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I've been having a perplexing issue with the down-voting feature on SO lately.

When somebody down-votes my answers, I'd really like to know something about the user who down-voted me. It's certainly not because I have a grudge against the other user. Quite the opposite, I'd like a little insight to if it's somebody who has a high reputation (and thus a little more weight when it comes to their opinions).

Obviously, there's no good way to show exactly which user down-voted an answer without starting a flame war. My only other reasonable thought was to weight the down-vote. It's quite simple in concept:

A User with a high reputation downvoting your answer = More points deducted

It could easily be done in steps based on Rep:

     1 - 5000 = -2 Rep
 5001 - 10000 = -3 Rep
10001 - 15000 = -4 Rep

...and so on. That way, when you see the decrease you at least know the range of the user that downvoted you and then can (theoretically) see if there's something seriously flawed in the answer (which requires fixing/deleting) or simply a user mis-understanding part of the answer.

I understand that this isn't perfect logic but, in my opinion, it's better than not knowing anything about who downvoted you (or why).

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You are so lucky your suggestion isn't implemented on Meta yet... –  Shogging through the snow Jun 21 '10 at 17:12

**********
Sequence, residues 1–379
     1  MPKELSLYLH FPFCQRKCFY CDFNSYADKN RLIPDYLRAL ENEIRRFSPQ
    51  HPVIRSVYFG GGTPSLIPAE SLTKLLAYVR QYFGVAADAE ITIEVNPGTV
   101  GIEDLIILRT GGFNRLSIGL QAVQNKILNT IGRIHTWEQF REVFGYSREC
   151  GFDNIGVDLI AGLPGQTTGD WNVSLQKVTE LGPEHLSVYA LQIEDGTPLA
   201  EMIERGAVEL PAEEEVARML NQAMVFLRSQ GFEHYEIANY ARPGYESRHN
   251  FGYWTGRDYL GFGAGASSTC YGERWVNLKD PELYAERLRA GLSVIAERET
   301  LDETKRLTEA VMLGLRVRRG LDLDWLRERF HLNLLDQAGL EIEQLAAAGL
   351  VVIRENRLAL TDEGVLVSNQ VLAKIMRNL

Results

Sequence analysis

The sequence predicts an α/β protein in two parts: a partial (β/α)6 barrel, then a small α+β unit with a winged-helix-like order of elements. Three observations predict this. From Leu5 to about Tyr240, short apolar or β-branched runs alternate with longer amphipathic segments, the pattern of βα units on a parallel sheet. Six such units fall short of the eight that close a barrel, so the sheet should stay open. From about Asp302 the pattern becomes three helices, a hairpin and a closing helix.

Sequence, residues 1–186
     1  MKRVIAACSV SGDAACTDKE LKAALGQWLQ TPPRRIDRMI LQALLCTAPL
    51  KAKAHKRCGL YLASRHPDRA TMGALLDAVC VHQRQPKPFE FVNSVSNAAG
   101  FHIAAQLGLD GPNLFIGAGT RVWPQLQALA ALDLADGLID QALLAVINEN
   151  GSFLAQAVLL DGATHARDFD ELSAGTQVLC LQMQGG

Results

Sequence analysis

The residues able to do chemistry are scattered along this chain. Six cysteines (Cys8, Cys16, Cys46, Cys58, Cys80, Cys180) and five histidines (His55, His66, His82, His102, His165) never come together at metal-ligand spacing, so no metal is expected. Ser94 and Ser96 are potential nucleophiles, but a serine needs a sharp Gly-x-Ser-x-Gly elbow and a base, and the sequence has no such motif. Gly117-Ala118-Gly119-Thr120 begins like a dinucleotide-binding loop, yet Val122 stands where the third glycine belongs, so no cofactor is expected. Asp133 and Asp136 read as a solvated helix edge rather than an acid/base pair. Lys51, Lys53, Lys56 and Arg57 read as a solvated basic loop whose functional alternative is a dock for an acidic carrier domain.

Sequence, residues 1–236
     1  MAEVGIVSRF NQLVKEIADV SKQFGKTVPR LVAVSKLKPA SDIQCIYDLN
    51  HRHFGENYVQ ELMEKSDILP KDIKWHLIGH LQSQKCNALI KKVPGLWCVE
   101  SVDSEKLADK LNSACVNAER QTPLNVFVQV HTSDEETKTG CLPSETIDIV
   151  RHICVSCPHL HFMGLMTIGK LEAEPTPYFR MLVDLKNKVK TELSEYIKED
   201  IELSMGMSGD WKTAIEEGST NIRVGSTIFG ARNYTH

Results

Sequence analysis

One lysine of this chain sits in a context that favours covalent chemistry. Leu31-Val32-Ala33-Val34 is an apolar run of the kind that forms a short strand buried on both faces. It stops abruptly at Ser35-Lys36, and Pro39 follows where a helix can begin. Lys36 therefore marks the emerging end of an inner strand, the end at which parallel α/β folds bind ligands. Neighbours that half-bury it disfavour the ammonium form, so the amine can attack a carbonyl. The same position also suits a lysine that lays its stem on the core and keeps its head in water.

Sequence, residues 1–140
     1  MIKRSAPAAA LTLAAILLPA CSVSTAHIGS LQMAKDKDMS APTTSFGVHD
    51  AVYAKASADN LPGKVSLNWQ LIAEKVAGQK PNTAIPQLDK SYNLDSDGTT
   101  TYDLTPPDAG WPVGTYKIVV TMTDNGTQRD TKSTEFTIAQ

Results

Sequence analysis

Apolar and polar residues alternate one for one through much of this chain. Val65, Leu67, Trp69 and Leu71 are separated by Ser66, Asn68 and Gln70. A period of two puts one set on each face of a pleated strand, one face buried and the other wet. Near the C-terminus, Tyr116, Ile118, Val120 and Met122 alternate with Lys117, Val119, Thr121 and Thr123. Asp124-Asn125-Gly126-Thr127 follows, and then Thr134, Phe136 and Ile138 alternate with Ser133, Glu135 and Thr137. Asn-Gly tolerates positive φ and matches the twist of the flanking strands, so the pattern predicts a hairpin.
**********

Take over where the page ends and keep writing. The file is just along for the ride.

@Shog9 - As much as I enjoy my Rep, I obviously wouldn't mind losing it for a truly poor suggestion (which, apparently, this one is). In all reality, I'm just looking for SOME kind of feedback on downvotes. I've had quite a few instances where I got a reasonable number of downvotes with no explanation what/why I was wrong. –  Justin Niessner Jun 21 '10 at 17:14
    
(straw man alert) - I have two employees. One started a year ago, the other last week. Both came in late today for the first time. Should my year old employee get worse treatment than the new person, given that its the first time for both? –  Tim Post Jun 21 '10 at 17:48
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@Tim Your comparison is off. This question is posing that given two people who are meting out the punishment on the same person, the one with higher status has greater weight. Your example is one person meting out punishment to two people, the one with higher status getting heavier punishment. –  Grace Note Jun 21 '10 at 17:57
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Why so much aversion to vote weight? The Google algorithm gives different weights to links coming from different sites, and they seem to be doing alright... –  Ciro Santilli Dec 30 '13 at 21:05

2 Answers 2

up vote 6 down vote accepted

There are two disconnects here. One is that high reputation implies better downvoting. You can be knowledgeable on both the system of downvoting properly and the subject matter of a post without needing to have high reputation. Likewise, people with high reputation may not actually know the subject matter at hand, but they can still downvote for reasons like poorly formatted questions which are completely irrelevant to reputation. So adding weight is not a good idea.